Airsoft Canada
Airsoft Depot

Go Back   Airsoft Canada > General > General
Home Forums Register Gallery FAQ Calendar
Retailers Community News/Info International Retailers IRC Today's Posts

What makes a good 24 hour event?



Thread Tools
Old December 20th, 2005, 18:50   #1
JOHNUSA's Avatar
Join Date: Dec 2005
What makes a good 24 hour event?

This is my first thread here on as canada so be gentle. :smack:

I am doing some research on the canadian way of playing airosft. I am from the States. I have noticed alot more games in canada are played over night. At least in comparison.

I would like if you are so kind? To hear in everyones opinion; what makes a good 24 hour event. (milsim)

This thread should not be seen as a way to define night games in canada. I am sure there are alot of diff opinions on that. Just to share some information across the great lakes so that we americans might get to shoot eachother up at night.

I will share what i thought after i hear some opinions. :tup:

Here are some pics of the field to fire the inspiration.

ps i like how your guys drag eachother out. We just hold hands lol :angel:

JOHNUSA is offline   Reply With Quote
Old December 20th, 2005, 18:57   #2
Oddjob's Avatar
Join Date: Feb 2003
Location: Oshawa, On
IMHO - Being able to relax near a bon fire and toss a few pints back after the guns go away
Oddjob is offline   Reply With Quote
Old December 20th, 2005, 19:00   #3
Join Date: Mar 2004
Location: Winnipeg
Send a message via MSN to Ducky Send a message via Yahoo to Ducky
Welcome, Well I cant speak for the rest of Canada but here in MB. We have had an even called survivor. The first one which unfortunatly I was not as much a part of lasted a week, and the second which I was out for the entire time was 3 days.

Those events last the entire span, where a few individuals usually around 5. Stay out in the forest the entire time, the rest of the community is welcome to stay out and hunt them down continually whenever they want. The experience can be alittle nuts as you are constantly on alert.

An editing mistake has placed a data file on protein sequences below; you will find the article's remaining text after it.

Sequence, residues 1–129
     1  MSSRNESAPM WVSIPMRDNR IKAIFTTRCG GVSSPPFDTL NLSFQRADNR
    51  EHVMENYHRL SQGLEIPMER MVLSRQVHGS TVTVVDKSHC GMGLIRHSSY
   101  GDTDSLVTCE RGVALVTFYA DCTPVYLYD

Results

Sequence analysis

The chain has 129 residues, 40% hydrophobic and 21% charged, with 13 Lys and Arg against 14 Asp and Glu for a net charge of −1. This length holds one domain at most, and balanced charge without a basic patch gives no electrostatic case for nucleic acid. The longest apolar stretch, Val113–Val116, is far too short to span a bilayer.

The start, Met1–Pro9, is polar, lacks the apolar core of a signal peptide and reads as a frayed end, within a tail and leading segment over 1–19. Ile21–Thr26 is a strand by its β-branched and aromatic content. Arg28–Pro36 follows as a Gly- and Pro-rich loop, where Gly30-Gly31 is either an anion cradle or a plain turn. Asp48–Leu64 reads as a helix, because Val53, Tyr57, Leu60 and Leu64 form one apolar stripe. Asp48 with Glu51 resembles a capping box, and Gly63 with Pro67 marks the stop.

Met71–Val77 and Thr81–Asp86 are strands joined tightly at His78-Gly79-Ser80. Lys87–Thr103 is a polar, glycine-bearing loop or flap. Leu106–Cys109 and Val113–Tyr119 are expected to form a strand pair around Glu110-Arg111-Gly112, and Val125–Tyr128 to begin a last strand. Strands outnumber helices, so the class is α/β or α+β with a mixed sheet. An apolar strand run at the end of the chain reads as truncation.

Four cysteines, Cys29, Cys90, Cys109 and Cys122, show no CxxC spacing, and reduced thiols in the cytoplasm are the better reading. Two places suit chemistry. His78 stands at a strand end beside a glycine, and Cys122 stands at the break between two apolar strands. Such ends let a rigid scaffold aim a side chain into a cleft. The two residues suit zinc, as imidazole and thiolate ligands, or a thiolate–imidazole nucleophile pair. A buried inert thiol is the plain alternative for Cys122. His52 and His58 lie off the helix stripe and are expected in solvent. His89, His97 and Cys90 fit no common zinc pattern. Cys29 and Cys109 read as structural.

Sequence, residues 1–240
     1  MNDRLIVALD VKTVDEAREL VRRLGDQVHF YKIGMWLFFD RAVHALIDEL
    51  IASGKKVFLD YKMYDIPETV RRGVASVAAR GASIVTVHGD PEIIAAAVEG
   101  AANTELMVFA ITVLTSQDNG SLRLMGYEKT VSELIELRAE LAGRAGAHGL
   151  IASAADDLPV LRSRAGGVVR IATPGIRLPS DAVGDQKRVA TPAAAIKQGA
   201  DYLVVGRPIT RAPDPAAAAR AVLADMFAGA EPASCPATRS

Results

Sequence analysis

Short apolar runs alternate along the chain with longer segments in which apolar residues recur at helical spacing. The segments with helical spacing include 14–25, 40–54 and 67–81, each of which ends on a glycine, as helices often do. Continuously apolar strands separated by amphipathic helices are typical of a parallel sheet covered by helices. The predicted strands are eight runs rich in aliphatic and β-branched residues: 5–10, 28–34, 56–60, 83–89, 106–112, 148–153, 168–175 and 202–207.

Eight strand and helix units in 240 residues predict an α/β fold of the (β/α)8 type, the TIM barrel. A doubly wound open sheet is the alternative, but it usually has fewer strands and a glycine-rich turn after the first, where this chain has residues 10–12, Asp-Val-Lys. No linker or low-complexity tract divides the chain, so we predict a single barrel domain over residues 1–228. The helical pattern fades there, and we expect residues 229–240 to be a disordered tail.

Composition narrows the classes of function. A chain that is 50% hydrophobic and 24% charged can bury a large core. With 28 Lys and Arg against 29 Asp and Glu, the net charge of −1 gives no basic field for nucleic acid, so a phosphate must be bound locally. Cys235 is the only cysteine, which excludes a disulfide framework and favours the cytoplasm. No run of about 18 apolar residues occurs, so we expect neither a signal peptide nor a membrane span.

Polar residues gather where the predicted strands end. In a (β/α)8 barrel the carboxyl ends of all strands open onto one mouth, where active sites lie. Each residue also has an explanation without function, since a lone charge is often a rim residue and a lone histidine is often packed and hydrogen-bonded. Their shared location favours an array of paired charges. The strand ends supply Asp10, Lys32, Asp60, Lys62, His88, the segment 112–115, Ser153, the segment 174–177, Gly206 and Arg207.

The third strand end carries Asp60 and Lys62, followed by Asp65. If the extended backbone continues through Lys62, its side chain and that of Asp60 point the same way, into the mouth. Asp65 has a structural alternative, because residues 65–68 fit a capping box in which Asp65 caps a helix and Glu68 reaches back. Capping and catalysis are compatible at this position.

I cant take credit for the creation of that OP but I really enjoyed being apart of the second one. The nights were abit nuts especially when it was completely dark.
Ducky is offline   Reply With Quote
Old December 20th, 2005, 19:50   #4
Aquamarine's Avatar
Join Date: Oct 2002
Location: Asakusa, Japan
Send a message via MSN to Aquamarine Send a message via Yahoo to Aquamarine Send a message via Skype™ to Aquamarine
Here's a few thoughts, please keep in mind they are just my opinions.

-A good field: you can't have a decent game without a good field. The Edmonton field that I played a couple 24 hour games at is amazingly large and very well laid out. The Tamran field in Charlotte, North Carolina is equally huge, but also very hilly and it makes for amazing over-night games too (only played two there)

-A good scenario: Shooting & re-spawning is great, but it gets incredibly borring when you are doing it for 24 hours with no specific objectives. Get a good story-line, plot, even cast and voila, you have the potential makings of a game people will remember (and want to come back for)

-Good pricing to attend: The NC games were $40USD which at the time ('99 and '00) was INCREDIBLY expensive, while to attend the Edmonton 24-hour games was something to the tune of $25-30 at the time - very reasonable. People will lose interest if you over-charge them.

-Gimmicks: Having gimmicks is always a frill. Look at the big games in Mantiba, they went so far as to rent a helicopter to fly in troops. Blasyman (a user on this forum) has a custom made mortar, .50 Browning Machine Gun and other 'toys'. Chalcus (also from this forum) is a prop designer and has made some amazing props for his local games.

Just some munchies for thought.
Aquamarine is offline   Reply With Quote
Old December 20th, 2005, 19:55   #5
Greylocks's Avatar
Join Date: Dec 2001
Location: Gatineau, Quebec (Near Ottawa)
Honestly? A good dose of luck and an excellent team of organizers.
Sounds stupid, but it's not.
Greylocks is offline   Reply With Quote
Old December 20th, 2005, 20:24   #6
FNG's Avatar
Join Date: May 2005
Location: Toronto